PRESIDENT Robert Mugabe’s jet-setting spree came to the fore yet again this week when he cut a lonely and pathetic figure at the United Nations Oceans Summit attended only by two other African heads of state whose countries have coastlines; not landlocked like Zimbabwe which has no territorial oceanic waters.
Comment: Zimbabwe Independent Editor
What was more disturbing, however, was not just his bizarre decision to attend a summit which has little do to with Zimbabwe, but the scandalous waste of public funds on such an extravagant jaunt.
Most Africa countries, some with much better resources than Zimbabwe, including South Africa, sent delegations at ministerial levels or even lower, while some simply did not. This showed the meeting was low-profile and not that important to send a whole president.
Mugabe’s endless foreign trips, including the latest one, are draining taxpayers’ funds, while adding no value to the country. This is typical of the Mugabe regime and how it has mismanaged public resources for 37 years. It is symptomatic of poor governance, skewed priorities and failed leadership of disastrous proportions.
Mugabe, given the current economic situation and government’s bankruptcy, should be leading by example. He should not be attending each and every foreign conference, including some inconsequential meetings where the country could do with a small team led by a minister or a senior government official.
Zimbabwe is facing serious economic difficulties; manifested through the chronic liquidity crunch, cash shortages, bank queues, industry’s low capacity utilisation, falling production, huge imports and current account deficit, retrenchments and company closures.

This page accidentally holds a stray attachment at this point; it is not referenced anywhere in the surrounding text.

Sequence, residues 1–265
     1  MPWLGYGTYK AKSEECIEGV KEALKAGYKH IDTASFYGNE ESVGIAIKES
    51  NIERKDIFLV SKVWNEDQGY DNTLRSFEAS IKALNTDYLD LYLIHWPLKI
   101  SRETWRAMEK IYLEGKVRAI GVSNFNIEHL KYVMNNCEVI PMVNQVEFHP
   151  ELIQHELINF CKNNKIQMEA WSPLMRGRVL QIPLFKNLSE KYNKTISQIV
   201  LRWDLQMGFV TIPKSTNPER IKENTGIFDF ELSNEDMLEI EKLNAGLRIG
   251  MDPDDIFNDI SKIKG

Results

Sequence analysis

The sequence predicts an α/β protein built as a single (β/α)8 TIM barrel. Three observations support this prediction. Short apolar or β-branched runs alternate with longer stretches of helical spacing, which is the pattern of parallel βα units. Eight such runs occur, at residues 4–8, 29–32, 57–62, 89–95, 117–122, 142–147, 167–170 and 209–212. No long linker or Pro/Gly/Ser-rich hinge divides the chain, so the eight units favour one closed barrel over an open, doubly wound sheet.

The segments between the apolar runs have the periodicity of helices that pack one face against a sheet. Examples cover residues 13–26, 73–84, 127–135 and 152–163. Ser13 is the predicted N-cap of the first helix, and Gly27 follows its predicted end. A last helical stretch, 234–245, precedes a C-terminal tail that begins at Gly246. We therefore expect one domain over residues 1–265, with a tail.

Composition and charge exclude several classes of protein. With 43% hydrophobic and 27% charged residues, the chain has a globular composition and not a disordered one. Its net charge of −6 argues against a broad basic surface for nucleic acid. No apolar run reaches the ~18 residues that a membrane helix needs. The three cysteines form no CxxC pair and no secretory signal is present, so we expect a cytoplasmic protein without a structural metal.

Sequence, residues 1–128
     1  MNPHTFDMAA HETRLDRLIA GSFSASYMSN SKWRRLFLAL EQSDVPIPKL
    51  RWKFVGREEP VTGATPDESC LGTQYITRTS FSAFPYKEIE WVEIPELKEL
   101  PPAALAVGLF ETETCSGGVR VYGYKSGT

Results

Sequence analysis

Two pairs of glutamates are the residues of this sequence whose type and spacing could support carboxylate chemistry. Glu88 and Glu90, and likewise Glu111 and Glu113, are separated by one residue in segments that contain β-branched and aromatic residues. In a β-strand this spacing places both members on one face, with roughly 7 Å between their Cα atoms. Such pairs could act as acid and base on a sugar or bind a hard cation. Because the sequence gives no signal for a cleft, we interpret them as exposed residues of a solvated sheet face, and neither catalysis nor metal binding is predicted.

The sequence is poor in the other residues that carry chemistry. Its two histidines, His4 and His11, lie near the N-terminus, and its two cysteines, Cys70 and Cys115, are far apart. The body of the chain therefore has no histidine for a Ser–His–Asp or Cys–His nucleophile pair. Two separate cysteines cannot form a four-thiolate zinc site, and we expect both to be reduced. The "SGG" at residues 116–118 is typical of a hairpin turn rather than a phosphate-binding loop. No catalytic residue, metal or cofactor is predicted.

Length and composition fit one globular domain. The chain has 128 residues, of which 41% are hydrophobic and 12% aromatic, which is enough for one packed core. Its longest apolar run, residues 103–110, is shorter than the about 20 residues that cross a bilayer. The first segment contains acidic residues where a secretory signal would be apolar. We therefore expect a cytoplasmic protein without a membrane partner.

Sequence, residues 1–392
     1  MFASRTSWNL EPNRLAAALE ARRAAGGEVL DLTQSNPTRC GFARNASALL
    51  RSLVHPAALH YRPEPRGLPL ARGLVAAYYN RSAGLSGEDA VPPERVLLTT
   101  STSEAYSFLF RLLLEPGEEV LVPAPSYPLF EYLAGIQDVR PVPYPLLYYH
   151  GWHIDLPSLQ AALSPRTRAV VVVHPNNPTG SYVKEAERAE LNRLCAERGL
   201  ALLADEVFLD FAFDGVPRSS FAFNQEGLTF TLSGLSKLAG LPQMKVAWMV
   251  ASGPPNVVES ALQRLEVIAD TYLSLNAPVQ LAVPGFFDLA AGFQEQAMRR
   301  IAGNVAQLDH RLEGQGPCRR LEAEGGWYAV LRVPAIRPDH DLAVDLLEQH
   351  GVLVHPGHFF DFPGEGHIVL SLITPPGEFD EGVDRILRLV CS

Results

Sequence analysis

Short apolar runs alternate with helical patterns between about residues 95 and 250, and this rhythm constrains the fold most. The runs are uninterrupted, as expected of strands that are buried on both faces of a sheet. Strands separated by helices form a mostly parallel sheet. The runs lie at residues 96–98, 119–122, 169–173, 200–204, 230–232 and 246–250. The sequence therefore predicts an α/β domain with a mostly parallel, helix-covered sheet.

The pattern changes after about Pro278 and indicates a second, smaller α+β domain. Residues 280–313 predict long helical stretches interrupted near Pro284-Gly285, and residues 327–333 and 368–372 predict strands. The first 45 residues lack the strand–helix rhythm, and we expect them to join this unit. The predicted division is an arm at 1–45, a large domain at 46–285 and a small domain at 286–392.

Due to massive company closures and unemployment, as well as the resultant shrinking tax base and dwindling revenues, government has been rolling over unsustainable budget overruns and deficits, and surviving on Treasury Bills, which now scale US$2 billion.
Banks are struggling to ensure financial intermediation due to the liquidity and cash problems, hence overreliance on the Real Time Gross Settlement, an electronic form of funds transfer where the transmission takes place on a real-time basis.
However, this just works on local transactions and cannot make international settlements. This has created a backlog and further slowed down business and the economy.
Mugabe crossed the Atlantic ocean, flying for about 18 hours, to New York to hobnob with junior officials and diplomats who gathered to discuss progress in implementation of Sustainable Development Goal 14 on oceans and seas when Zimbabwe is a landlocked country.
The long-serving leader chartered the struggling national carrier, Air Zimbabwe, run — or is it rundown — by his son-in-law, to the United States. He left Harare on Saturday to attend the conference from June 5 to today. He is expected back in the country tomorrow.
The president spent US$36 million on his profligate travels in the first 10 months of 2016, piling pressure on a cash-strapped government. At this rate of travel, he will spend much more this year. Mugabe must stop this reckless extravagance or squandering public resources on useless trips. Zimbabwe cannot afford such fiscal profligacy.